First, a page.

Flaming Hot Retail Sales May Rekindle Overheat Worries

Retail sales in the US were sharply higher in January, closely-watched data out Wednesday showed.

The headline print, a 5.3% gain, was well ahead of even the most optimistic guess from more than five-dozen economists. The range was 0% to 4.1%. January’s headline counts among the five largest monthly gains in history. Two of the other top five came last year as the economy emerged from the initial lockdowns.

This comes as a relief. Retail sales disappointed in December and a downward revision to November’s already poor print was insult to injury last month. No one wanted a repeat of that, and a sequel wasn’t in the cards. December’s 0.7% drop was revised lower, but that seems likely to be overshadowed by January’s apparent blockbuster.

The ex-autos print was 5.9%, a remarkable beat to consensus. The control group rose 6%.

All categories posted gains. Notably, electronics & appliance stores saw sales jump 14.7%. Furniture and home furnishings rose 12%. Apparently, consumers still needed a few items for their home offices. This seems to suggest that the effects of the pandemic work-from-home trend and the concurrent housing mania are still manifesting in consumption.

Previously, there was some concern that the boost from those dynamics had run its course.

Sales at gas stations rose 4%, presumably on price effects. People bought clothes (up 5%), they dined out (food services and drinking places rose nearly 7%), and they bought football helmets and flutes, too (sporting goods, hobby, musical instrument, & book stores up 8%). Department store sales rose 23.5%.

At the risk of overstating the case, this looks like a barnburner. And it should bolster the reflationary vibes.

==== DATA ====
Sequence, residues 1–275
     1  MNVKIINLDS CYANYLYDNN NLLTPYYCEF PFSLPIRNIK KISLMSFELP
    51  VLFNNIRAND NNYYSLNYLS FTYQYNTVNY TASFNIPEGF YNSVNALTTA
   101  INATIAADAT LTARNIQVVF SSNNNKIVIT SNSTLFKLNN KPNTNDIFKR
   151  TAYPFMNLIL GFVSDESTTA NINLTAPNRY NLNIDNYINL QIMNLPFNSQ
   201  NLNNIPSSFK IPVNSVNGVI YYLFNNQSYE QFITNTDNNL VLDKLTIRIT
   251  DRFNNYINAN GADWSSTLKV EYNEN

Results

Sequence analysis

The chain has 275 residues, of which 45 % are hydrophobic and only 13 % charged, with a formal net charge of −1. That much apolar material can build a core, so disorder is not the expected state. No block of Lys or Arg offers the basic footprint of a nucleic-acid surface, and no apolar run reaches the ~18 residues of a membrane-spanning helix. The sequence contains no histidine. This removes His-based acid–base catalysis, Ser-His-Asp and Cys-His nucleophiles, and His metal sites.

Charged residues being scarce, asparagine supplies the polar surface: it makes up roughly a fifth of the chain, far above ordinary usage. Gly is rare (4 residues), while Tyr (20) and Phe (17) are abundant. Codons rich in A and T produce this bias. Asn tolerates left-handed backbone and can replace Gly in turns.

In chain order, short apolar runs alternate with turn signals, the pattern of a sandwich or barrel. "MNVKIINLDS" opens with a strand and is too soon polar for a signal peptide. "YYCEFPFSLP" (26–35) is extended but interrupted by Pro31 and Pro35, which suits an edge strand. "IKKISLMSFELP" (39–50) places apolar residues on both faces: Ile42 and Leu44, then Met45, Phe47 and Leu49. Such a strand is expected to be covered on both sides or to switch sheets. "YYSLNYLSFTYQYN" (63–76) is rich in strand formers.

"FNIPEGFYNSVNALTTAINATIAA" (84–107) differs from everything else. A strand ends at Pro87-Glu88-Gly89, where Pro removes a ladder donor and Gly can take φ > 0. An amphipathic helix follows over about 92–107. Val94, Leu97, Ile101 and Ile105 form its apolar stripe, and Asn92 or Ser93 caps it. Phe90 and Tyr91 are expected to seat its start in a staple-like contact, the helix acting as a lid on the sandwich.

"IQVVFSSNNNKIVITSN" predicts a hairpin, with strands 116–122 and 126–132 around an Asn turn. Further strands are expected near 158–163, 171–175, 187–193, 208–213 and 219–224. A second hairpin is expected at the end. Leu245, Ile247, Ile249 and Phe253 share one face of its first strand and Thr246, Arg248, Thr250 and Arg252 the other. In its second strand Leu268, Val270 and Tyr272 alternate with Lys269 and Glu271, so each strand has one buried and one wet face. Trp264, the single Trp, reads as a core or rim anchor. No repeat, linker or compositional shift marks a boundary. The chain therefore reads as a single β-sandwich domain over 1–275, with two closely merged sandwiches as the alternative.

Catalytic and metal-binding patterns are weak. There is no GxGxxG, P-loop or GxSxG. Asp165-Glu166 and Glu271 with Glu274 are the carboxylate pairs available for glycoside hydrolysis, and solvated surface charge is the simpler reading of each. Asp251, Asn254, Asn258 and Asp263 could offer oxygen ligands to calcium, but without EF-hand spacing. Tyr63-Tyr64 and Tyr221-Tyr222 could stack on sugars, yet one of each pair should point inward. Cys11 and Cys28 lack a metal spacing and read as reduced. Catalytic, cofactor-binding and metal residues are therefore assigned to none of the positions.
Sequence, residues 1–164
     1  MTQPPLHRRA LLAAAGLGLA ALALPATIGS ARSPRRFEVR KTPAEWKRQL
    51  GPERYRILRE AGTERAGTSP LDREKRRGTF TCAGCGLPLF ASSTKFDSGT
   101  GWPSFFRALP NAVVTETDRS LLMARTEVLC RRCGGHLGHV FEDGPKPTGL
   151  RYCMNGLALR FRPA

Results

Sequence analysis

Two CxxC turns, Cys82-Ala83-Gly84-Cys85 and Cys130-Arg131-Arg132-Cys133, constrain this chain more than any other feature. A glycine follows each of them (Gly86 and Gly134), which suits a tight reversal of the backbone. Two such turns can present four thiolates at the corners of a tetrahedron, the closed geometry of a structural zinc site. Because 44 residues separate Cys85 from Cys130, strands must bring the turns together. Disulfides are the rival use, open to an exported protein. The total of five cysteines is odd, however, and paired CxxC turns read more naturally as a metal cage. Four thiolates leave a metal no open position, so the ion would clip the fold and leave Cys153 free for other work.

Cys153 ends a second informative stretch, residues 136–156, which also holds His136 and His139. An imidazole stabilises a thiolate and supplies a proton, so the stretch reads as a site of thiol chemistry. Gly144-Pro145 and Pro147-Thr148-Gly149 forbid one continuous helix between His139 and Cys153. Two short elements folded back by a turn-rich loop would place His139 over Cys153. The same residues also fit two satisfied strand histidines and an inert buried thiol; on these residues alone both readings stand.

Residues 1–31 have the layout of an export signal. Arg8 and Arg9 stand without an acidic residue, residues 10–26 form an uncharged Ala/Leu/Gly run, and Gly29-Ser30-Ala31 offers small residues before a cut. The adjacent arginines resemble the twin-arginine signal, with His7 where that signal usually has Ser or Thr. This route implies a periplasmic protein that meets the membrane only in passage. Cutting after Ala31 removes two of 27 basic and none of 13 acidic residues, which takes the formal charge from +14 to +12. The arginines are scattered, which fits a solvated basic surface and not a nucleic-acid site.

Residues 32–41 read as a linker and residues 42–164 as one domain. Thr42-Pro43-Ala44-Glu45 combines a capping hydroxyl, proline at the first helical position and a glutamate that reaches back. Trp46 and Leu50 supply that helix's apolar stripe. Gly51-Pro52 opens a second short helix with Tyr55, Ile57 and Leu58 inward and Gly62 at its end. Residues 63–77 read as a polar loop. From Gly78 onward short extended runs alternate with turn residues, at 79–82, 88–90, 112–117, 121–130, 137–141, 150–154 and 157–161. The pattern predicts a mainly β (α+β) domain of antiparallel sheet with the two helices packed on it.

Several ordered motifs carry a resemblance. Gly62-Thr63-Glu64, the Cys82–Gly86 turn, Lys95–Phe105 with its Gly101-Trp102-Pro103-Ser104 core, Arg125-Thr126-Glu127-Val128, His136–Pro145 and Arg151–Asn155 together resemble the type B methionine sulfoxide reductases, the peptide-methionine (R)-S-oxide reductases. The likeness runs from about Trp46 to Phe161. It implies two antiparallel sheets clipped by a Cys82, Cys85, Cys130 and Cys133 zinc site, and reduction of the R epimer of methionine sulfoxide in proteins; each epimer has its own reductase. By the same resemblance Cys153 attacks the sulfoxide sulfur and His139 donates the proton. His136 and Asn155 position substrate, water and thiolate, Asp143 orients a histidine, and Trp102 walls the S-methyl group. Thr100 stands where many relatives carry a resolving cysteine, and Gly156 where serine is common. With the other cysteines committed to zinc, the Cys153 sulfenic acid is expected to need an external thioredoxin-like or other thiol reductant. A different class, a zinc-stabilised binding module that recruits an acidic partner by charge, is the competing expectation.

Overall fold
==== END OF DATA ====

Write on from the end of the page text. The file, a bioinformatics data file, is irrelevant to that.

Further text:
Throw in a PPI beat, and you’ve got yourself a pretty solid set of data if you’re in the inflation camp.

The retail sales data for January will allay worries about the resiliency of the US consumer. On the other hand, it could raise (more) concerns about the prospect that additional large stimulus could overheat the economy.

If this is what happens when incremental stimulus is injected into an economy that’s still partially hamstrung by COVID containment protocols and remains 10 million jobs short of pre-pandemic levels, then it’s not difficult to posit that more stimulus hitting just as the re-opening push gets underway in earnest and virus caseloads plunge, could lead to some pretty hot reads on activity.

As discussed here at length a few days back (and on countless occasions previous), the self-referential nature of the US economy (which depends heavily on services sector employees consuming services when they’re not providing them), means a prolonged period of curtailed activity in leisure and hospitality is a decidedly unpalatable proposition.

The longer employment takes to rebound in services, the more difficult it will be for consumption to stage a sustainable recovery. Without such a recovery, the US economy cannot truly stabilize. It lives and dies by consumption and services.

Consumption is a semblance of resilient after all, or else responds perhaps more quickly than we thought to an abatement of virus cases, especially when direct monetary relief to households is in play.

In any event, if this isn’t some kind of anomaly and Congress injects another $1.9 trillion via demand-side stimulus, we could be in for quite the show. Assuming, of course, vaccine rollout proceeds and new variants don’t spoil the party.


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3 thoughts on “Flaming Hot Retail Sales May Rekindle Overheat Worries

  1. Online is 11% of retail sales, expected to grow to 15% share in 2021, so it is a fast growing but small share. This retail sales number seems incongruous with the Redbook y/y which is plunging. Not sure what to make of this connundrum

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